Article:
1. An apparatus of a radio access network (RAN) node for inter-frequency beam measurements comprising:

a memory interface to access information about a beam measurement gap pattern for beam specific reference signal (BRS) measurement;
a baseband processing unit configured to: configure the beam measurement gap pattern for a user equipment (UE) performing inter-frequency beam measurements of a set of beams created by beamforming using BRS; generate an information element for the UE indicating the beam measurement gap pattern and an indicator of a carrier for the inter-frequency beam measurements; prevent scheduling the UE during a gap of the beam measurement gap pattern; and process a report from the UE providing results of the inter-frequency beam measurements.

2. The apparatus of claim 1, wherein the BRS are transmitted by one or more neighboring RAN nodes.

3. The apparatus of claim 1, wherein the inter-frequency beam measurements include a transmission beam measurement of the RAN node.

4. The apparatus of claim 1, wherein the inter-frequency beam measurements include a receive beam measurement of the UE.

5. The apparatus of claim 1, wherein the report indicates beam sweep measurements performed by the UE.

6. The apparatus of claim 1, wherein the inter-frequency beam measurements include inter-radio access technology (RAT) measurement.

7. The apparatus of claim 1, wherein the RAN node is a fifth generation node B (gNB).

8. An apparatus of a user equipment (UE) for reporting beam specific measurements comprising:

a memory interface to access data describing a beam measurement gap pattern for beam measurements;
a processing unit configured to: decode a message comprising an indicator from a radio access network (RAN) node indicating a beam measurement gap pattern and an indicator of a set of beamformed beams for beam measurements during gaps of the beam measurement gap pattern; perform a set of beam measurements of the set of beamformed beams during the gaps of the beam measurement gap pattern as indicated by the message; and generate a report from the UE to the RAN node providing results of the beam measurements.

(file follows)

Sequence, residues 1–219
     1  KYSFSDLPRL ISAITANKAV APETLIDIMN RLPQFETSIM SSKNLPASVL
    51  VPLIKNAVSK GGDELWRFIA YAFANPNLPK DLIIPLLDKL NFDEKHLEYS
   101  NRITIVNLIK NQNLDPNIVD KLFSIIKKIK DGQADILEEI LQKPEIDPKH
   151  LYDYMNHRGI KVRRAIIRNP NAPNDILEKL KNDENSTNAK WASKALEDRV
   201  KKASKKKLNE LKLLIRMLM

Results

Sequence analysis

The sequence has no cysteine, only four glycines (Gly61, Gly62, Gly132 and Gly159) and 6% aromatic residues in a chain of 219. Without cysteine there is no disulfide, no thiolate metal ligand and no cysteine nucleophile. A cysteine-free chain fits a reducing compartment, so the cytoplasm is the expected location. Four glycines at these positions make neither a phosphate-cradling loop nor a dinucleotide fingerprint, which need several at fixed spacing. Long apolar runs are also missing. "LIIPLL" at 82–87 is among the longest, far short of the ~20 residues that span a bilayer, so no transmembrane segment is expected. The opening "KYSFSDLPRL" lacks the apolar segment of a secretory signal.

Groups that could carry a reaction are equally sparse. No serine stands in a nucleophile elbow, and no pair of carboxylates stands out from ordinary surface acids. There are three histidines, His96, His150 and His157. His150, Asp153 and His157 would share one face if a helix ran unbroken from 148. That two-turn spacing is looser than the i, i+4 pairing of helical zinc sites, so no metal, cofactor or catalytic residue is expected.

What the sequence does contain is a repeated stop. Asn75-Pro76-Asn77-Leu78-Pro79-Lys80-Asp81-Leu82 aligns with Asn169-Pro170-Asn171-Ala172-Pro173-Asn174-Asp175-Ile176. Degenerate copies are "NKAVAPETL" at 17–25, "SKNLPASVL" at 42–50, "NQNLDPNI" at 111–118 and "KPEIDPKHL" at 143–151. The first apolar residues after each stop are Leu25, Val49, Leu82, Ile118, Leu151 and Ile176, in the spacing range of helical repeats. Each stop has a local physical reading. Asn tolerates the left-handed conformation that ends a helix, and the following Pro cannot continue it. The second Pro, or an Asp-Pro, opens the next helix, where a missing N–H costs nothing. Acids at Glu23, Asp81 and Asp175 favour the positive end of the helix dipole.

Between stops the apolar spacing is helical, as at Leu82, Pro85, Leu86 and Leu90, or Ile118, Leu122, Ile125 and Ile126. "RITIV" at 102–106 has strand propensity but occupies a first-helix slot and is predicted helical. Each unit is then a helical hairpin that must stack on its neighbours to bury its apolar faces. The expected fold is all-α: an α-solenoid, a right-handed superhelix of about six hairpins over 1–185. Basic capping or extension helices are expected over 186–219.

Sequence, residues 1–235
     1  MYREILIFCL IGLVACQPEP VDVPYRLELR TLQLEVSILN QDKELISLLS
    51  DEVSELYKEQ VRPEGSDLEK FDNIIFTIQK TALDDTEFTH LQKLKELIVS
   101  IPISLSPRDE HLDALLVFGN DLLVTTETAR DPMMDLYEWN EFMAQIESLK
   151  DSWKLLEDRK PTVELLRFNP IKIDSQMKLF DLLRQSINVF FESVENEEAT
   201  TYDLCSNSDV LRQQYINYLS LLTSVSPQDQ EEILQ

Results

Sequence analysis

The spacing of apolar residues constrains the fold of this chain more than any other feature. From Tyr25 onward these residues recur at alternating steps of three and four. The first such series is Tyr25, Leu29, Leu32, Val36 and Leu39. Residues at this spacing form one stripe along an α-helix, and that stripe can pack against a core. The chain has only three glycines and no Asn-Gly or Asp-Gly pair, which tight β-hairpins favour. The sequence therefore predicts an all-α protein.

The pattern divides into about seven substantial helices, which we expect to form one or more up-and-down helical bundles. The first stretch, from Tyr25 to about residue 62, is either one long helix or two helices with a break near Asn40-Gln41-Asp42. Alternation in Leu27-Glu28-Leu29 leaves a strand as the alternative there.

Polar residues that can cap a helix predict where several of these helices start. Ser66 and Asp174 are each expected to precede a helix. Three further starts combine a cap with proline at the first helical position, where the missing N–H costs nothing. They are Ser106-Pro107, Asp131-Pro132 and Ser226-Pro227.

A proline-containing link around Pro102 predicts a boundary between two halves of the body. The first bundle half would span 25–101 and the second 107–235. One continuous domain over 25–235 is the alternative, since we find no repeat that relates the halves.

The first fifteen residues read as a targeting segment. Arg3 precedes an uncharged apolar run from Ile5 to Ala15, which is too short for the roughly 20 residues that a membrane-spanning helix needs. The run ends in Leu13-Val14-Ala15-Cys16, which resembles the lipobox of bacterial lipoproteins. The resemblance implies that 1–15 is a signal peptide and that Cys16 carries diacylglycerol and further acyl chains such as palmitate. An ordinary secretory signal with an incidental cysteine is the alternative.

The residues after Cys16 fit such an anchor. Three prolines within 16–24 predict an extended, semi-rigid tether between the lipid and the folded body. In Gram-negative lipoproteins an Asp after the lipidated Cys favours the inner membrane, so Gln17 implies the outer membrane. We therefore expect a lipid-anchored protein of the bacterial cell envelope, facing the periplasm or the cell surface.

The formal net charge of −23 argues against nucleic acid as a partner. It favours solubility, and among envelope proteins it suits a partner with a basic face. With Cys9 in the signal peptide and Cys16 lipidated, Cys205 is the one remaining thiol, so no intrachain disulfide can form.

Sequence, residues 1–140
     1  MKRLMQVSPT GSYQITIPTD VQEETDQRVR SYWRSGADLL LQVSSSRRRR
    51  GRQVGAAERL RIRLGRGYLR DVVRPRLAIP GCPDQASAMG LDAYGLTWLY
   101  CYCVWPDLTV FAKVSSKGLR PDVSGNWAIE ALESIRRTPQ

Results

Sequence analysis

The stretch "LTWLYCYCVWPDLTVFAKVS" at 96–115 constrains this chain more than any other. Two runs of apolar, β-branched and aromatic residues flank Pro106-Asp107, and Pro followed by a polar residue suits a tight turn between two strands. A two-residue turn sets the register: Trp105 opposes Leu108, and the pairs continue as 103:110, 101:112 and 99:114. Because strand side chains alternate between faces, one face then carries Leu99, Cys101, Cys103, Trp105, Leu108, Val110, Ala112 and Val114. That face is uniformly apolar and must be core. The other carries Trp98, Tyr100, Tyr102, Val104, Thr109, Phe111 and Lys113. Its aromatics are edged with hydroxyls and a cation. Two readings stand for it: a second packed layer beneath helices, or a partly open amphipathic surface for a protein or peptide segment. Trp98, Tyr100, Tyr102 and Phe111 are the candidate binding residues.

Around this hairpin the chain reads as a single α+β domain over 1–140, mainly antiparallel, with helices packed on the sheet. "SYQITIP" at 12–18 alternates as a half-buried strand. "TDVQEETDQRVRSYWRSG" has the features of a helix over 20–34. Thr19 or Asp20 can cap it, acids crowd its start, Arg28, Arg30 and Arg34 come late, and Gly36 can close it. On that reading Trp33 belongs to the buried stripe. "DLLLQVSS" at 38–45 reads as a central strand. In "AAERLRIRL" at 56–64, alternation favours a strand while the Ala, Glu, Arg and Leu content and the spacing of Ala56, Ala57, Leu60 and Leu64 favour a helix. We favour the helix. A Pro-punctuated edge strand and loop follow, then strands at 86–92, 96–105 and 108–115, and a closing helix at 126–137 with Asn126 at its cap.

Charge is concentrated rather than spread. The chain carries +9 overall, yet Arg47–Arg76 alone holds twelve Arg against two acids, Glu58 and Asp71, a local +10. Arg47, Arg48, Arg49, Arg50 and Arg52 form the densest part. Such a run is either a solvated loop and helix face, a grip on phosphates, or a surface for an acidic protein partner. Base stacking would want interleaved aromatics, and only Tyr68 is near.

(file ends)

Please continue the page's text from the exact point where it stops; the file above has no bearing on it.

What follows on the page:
9. The apparatus of claim 8, wherein the set of beam measurements are beam specific reference signal (BRS) measurements of beamformed beams formed by the RAN node.

10. The apparatus of claim 8, wherein the set of beam measurements are beam specific reference signal (BRS) measurements of beamformed beams formed by other RAN nodes.

11. The apparatus of claim 8, wherein the set of beamformed beams are transmission beams.

12. The apparatus of claim 8, wherein the set of beamformed beams are receive beams.

13. The apparatus of claim 8, wherein the processing unit is further configured to perform a handover based at least in part on beam measurements.

14. The apparatus of claim 8, wherein the set of beam measurements are inter-frequency measurements.

15. A computer program product comprising a computer-readable storage medium that stores instructions for execution by a processor to perform operations of a radio access network (RAN) node for performing beam measurements in a cellular network, the operations, when executed by the processor, to perform a method, the method comprising:

configuring a beam measurement gap pattern for a user equipment (UE) performing inter-frequency beam measurements of a set of beams created by beamforming;
generating an information element for the UE comprising an indicator of the beam measurement gap pattern and an indicator of a beam for beam measurements;
avoiding scheduling the UE during a gap of the beam measurement gap pattern; and
processing a report from the UE providing results of the inter-frequency beam measurements.

16. The computer program product of claim 15, wherein the method further comprises generating a beam specific reference signal (BRS) for measurement by the UE.

17. The computer program product of claim 15, wherein the method further comprises receiving a beam specific reference signal (BRS) broadcast timing of one or more RAN nodes.

18. The computer program product of claim 15, wherein the indicator of the beam for beam measurements further indicates a beam specific reference signal (BRS) burst.

19. The computer program product of claim 15, wherein the method further comprising generating a beam specific reference signal (BRS) burst multiplexed with a BRS.

20. The computer program product of claim 15, wherein the RAN node is a fifth generation node B (gNB).

21-22. (canceled)

Patent History

Publication number: 20190182696
Type: Application
Filed: Jun 29, 2017
Publication Date: Jun 13, 2019
Applicant: INTEL IP CORPORATION (Santa Clara, CA)
Inventors: Rui Huang (Beijing), Yang Tang (Santa Clara, CA), Candy Yiu (Portland, OR)
Application Number: 16/324,667

Classifications

International Classification: H04W 24/10 (20060101);